AWhen Arina Sabalenka stood on Rod Laver Arena and stretched her arms into the dark Melbourne sky, it was hard to tell she had won a Grand Slam final. The match against China's Qinwen Zheng was very one-sided; Her body or face was rarely challenged by her opponent to show signs of fatigue.
But luckily it was something else that made her the winner a little later: the Daphne Akhurst Memorial Cup, a large silver trophy handed to Sabalenka. Like last year, the tennis player won the Australian Open. “It's an unbelievable feeling right now, I'm speechless,” Sabalenka said. “Thank you so much to my team and my family. You are a great inspiration to me. “
“I'm a little sad”
The Belarusian has stressed several times over the past two weeks that he feels more comfortable here than in other matches. You could tell that in every game she played, especially in the finals, at Rod Laver Arena. Loudly supported by many Chinese fans, Zeng fought back as best he could and scored some good points after some impressive rallies.
However, she had no chance against the power tennis of Sabalenka, one of the hardest court players on tour, winning 6:3, 6:2 in 1:16 hours. “I'm a little sad now, but you played amazing tennis,” Zheng said after the match.
With his second win at the Australian Open, Sabalenka capped a remarkable tournament for himself: he didn't drop a set until the end. The only time Sabalenka came close at the 2023 US Open was in the semifinals against American Coco Goff. Sabalenka was on the court for only 6:55 hours, his opponent was almost twice as long with 11:34 hours.
The 21-year-old Zheng reached his first Grand Slam final. “Don't think so much,” her compatriot Li Na told her when she surprised Zeng during an interview in Melbourne. Li Na is the only Chinese woman to win a Grand Slam and Zheng's biggest idol.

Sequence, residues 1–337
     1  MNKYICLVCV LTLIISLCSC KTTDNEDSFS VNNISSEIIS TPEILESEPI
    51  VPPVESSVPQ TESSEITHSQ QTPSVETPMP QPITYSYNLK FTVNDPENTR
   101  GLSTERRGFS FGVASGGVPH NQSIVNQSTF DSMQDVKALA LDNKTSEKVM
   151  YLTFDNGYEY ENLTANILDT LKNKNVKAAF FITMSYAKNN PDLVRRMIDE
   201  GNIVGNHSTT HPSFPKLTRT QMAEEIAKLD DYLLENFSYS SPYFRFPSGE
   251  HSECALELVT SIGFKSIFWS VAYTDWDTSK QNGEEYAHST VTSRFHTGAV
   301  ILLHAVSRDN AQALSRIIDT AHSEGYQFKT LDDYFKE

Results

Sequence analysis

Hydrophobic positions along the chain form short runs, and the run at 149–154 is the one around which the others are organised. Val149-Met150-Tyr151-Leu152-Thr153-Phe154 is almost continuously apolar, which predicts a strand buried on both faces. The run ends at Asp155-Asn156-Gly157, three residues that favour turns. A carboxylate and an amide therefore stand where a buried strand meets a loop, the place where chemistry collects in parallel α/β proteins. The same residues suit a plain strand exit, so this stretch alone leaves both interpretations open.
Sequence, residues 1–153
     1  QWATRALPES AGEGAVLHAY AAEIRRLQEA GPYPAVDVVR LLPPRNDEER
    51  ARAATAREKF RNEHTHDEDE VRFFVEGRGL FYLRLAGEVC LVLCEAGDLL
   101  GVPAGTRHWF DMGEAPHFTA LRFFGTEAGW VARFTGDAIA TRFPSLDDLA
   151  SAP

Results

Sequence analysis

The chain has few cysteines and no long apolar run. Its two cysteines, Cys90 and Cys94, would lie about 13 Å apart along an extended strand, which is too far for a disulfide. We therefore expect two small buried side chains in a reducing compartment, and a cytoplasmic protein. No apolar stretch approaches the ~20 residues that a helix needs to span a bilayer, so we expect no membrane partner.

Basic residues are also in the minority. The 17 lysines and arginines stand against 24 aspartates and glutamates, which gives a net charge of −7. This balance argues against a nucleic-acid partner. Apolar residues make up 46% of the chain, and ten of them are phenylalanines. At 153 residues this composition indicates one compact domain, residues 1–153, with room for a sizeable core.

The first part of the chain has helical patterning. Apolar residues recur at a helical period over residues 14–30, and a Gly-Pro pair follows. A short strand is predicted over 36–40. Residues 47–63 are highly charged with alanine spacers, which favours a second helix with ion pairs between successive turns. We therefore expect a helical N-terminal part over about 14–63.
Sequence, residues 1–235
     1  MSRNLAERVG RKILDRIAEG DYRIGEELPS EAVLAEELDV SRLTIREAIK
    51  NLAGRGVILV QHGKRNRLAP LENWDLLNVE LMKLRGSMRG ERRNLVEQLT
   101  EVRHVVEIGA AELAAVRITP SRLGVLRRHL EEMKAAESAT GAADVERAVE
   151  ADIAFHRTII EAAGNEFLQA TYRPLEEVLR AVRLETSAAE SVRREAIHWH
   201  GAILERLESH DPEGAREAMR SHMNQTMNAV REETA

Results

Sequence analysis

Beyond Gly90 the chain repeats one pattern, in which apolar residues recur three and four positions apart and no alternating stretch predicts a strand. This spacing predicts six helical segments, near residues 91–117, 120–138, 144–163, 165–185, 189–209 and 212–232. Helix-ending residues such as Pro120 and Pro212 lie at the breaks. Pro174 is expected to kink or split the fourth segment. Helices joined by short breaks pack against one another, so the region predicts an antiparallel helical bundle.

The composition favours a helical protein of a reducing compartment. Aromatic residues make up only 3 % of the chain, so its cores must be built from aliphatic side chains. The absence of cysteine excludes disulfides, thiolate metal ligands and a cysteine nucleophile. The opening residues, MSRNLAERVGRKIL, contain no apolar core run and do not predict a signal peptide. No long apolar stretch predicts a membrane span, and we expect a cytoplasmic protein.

It didn't really help in a fight between the tournament's two strongest servers. Zeng hit the most aces during the two-week period and, like Sabalenka, was one of the top four players with the most points on first serves. The two had only clashed once before. The showdown in New York at the US Open went in Sabalenka's favor.
As usual, he started strongly, securing the first five points and then his opponent's first service game. He survived the first and only crucial moment on his own serve when he had three break points against him at 2-0.
Zheng then settled somewhat on her own serve and began to become more aggressive, eventually hitting more winners (11:4) and aces (6:1) in the first set. But Sabalenka scored more points and started the second round much like the first: more focused. A few minutes later, Zeng had already served his first serve game again. Sabalenka primarily attacked her opponent's second serve, dictating rallies and allowing Zeng to rush across the court.
She just had to fight in the end. Seventh-ranked Zheng, who will enter the top ten in the world rankings for the first time next week, broke four match points. It only worked for Sabalenka in the fifth place, and then there was a message for the losing team: “You will be in many more finals,” said the Belarusian: “And at some point win this title.”